Article

Gordon Campbell

In ancient Greek art, a sculpture of a young woman carrying a basket on her head. The motif was subsequently adopted in architectural decoration (sometimes with a young man instead of a woman) and in furniture from the Renaissance and later periods.

Article

Gordon Campbell

Italian painter, active in England. He is named as ‘Alex of myllen’ and thereafter described as a ‘myllyner’, so it seems likely that he came from Milan; the persistent notion that he was a woman has been discredited by a record of tiles ‘by him delivered’. From ...

Article

Cassone  

Ellen Callmann and J. W. Taylor

Term used for large, lavishly decorated chests made in Italy from the 14th century to the end of the 16th. The word is an anachronism, taken from Vasari (2/1568, ed. G. Milanesi, 1878–85, ii, p. 148), the 15th-century term being forziero. Wealthy households needed many chests, but the ornate ...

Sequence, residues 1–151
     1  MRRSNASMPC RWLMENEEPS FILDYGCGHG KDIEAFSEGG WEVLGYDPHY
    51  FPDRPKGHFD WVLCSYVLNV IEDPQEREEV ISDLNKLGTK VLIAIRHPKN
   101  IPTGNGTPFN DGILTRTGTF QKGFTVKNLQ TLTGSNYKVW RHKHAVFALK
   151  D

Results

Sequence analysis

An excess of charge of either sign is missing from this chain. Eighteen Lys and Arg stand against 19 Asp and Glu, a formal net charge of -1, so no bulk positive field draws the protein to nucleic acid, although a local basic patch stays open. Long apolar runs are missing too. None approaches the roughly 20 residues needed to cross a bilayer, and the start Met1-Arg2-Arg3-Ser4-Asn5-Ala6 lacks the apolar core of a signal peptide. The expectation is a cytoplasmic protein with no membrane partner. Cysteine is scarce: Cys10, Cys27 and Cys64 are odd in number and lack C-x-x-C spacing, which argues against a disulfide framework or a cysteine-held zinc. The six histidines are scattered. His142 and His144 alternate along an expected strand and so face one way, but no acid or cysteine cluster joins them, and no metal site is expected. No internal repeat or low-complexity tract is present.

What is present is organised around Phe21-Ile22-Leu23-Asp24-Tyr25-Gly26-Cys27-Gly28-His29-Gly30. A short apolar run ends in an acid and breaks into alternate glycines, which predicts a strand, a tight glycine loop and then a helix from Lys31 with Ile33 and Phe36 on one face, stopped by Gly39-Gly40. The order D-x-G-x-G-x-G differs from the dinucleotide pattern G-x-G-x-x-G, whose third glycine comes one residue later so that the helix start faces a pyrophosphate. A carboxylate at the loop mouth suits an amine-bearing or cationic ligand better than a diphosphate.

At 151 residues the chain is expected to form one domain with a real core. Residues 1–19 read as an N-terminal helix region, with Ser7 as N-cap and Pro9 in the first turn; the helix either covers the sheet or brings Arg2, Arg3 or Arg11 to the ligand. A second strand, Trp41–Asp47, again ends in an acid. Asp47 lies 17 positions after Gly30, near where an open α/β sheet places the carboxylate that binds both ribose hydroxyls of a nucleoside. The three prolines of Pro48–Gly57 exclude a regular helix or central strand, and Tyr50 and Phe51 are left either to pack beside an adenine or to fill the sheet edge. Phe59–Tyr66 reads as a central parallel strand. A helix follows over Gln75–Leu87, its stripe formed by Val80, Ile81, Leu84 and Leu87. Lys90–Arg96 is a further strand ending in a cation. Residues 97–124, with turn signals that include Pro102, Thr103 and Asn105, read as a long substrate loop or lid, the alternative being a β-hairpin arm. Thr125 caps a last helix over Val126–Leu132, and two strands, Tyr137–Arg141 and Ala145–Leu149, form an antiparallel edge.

Article

Kathryn A. Charles

Italian sculptor and stuccoist. Noted for his decorative work, trophies, masks and stucco ornaments, he was trained in the style of Michelangelo by Andrea Ferrucci in Florence. His first independent commission, the tomb of Raffaelle Maffei (il Volterrano) in S Lino at Volterra (...

Article

Italian stuccoist, painter, draughtsman and architect. In 1502 he was apprenticed to Giovanni Martini (also called Giovanni da Udine; d 1535), a painter in Udine, and subsequently he may have studied with Giorgione in Venice. According to Vasari, armed with a letter of introduction to Baldassare Castiglione, he decided to go to Rome to seek work with Raphael. He joined ...

Article

Paul Barolsky

Italian painter, stuccoist and sculptor. Much of the fascination of his career resides in the development of his style from provincial origins to a highly sophisticated manner, combining the most accomplished elements of the art of Michelangelo, Raphael and their Mannerist followers in a distinctive and highly original way. He provided an influential model for numerous later artists in Rome....

Article

Dorothea Diemer

German cabinetmaker and architect. His name first appears on the tax registers for Augsburg in 1557 and continues to appear regularly until 1621. He married c. 1558 and bought a house in 1561, by which time he probably already had his master’s certificate. Although there is little mention of his work in the 1560s, his reputation was such that he was employed by ...

Article